The Mountain View Whisman School District approved a $481,000 contract with an outside firm last week to design an overhaul of the outdoor space at Monta Loma Elementary, after an initial plan to erect fences around the campus was met with widespread outcry last year.
The board of trustees voted 4-1 at a Sept. 9 meeting to hire the architectural design firm Carducci Associates to come up with a proposal to redesign Monta Loma's fields, walking paths, blacktop, playgrounds and other outdoor areas.
The district originally wanted to fence off the school in an effort to increase security and stop members of the public from coming onto campus while classes are in session, but reversed course last year after backlash from the community. The campus represents some of the only open space in the neighborhood and is used frequently by the public.
In June of this year, the board decided to instead move forward with a broader campus reconfiguration in an attempt to satisfy the needs of the school, city and residents.
The project still has a lot of unknowns, including what changes will actually be made, how long design and construction will take, and how much everything is going to cost. It's also unclear how much of the tab the city of Mountain View is willing to pick up.
The public was notably quiet at last week's board meeting, compared to the large numbers of people who previously turned out to oppose the fencing plan. No community members addressed the board last week, although one person raised their hand over Zoom to speak after the board had closed public comment.
Board member Ellen Wheeler said she viewed lack of commenters to be a positive sign, indicating that people were happy with the direction the district is moving in.
"My take is that a lot of the Monta Loma community is publicly silent about this right now because they are supportive of us continuing with this process," Wheeler said.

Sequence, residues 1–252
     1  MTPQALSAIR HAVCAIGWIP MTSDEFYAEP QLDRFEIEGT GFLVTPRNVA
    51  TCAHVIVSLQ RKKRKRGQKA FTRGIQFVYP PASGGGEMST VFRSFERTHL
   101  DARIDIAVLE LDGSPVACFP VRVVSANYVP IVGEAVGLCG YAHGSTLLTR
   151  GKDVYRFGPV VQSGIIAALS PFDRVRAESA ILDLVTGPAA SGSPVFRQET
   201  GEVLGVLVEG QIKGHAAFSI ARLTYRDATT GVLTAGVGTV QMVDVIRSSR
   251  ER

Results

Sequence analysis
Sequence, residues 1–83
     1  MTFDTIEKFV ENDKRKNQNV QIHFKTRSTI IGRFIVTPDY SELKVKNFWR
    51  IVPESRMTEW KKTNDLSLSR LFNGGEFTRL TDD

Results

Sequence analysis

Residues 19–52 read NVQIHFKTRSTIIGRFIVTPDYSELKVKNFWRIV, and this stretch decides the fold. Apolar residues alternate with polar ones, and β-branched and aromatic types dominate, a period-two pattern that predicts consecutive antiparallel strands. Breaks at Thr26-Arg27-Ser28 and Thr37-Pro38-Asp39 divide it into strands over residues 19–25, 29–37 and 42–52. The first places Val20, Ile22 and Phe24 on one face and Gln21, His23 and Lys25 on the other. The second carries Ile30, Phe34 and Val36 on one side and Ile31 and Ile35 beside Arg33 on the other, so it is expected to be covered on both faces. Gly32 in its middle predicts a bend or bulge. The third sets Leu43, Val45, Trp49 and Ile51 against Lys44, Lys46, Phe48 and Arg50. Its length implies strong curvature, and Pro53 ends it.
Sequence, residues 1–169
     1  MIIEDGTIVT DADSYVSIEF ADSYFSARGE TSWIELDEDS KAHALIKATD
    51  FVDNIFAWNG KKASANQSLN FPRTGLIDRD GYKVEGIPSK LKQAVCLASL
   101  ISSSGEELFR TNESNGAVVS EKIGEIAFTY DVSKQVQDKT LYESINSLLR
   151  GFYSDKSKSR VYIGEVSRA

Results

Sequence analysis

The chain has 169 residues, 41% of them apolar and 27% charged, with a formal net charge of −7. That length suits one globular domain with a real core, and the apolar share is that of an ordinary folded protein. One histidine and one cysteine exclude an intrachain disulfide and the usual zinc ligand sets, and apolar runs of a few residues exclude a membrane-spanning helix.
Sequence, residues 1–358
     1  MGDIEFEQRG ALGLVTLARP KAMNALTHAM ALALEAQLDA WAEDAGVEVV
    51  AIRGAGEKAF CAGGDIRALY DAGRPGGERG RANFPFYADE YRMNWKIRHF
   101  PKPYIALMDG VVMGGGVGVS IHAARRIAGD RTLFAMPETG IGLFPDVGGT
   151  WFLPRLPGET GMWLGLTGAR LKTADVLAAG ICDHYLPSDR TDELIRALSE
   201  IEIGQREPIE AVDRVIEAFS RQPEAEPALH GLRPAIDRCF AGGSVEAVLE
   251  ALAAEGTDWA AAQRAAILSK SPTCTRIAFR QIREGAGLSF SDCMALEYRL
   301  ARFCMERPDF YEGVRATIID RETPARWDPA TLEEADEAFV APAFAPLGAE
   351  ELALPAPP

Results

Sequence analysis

Board member Chris Chiang, on the other hand, read the silence as evidence of continued dissent.
"I don't believe that the silence is a sign of support," said Chiang, the sole board member to oppose hiring Carducci. "I believe the silence is a sign of concern and resignation."
With the board's approval last week, Carducci will now schedule meetings to get input on how the space should be modified. According to Superintendent Ayinde Rudolph, the goal is to create a vision for the campus that meets everyone's needs.
"This is an exciting time for us," Rudolph said. "It's taken us a while to get to this point, but (I'm) really glad that we can move to what is the next phase of Monta Loma's open space reconfiguration."
The final cost of the project isn't currently known, Rudolph said, because it will depend on factors such as how the fields are reconfigured, the extent of blacktop removal and whether playground structures are moved. Plans to install a solar array and lighting on campus are also delayed until the project design is finalized, Rudolph said.
In June, school officials said they were earmarking anywhere from $8 million to $9 million to pay for the overall campus redesign.
Whether and how much the city might contribute to the project is also still unknown. The city and school are working to create a new joint use agreement for the site, which will lay out who pays for what, Rudolph said.
Chiang opposed moving forward with the project, saying that he doesn't believe the school district should be paying for a project that is largely a benefit to the city, which currently lacks park space in the neighborhood.
"For the school district, I feel like this is a solution chasing a problem. Whereas for the city, I believe it's a real problem," Chiang said. "It's not a school problem, yet we're using school funds to pay for this."
He instead supported considering "non-facilities" solutions, such as hiring a security guard to patrol the campus.
Chiang was also the sole "no" vote in June when the board originally approved spending $382,200 to $702,000 to hire an architect to design the project. Last week, Board President Devon Conley told Chiang that since the board already voted to spend the money, they should now follow through and approve Carducci's contract. Chiang responded that if the board hires Carducci, he would support paying them, but doesn't want to hire them in the first place.
Conley also objected to the idea that the Monta Loma improvements only benefit the city, saying that although the district hadn't originally intended to reconfigure the fields, the majority of the project cost will go to items Mountain View Whisman already intended to spend money on, such as replacing the blacktop, updating playgrounds, adding outdoor learning spaces, installing solar arrays and finishing the school's lighting project.
"It would be foolish to spend money on them and then reconfigure the field," Conley said. "That would cost us a lot more money in the long run."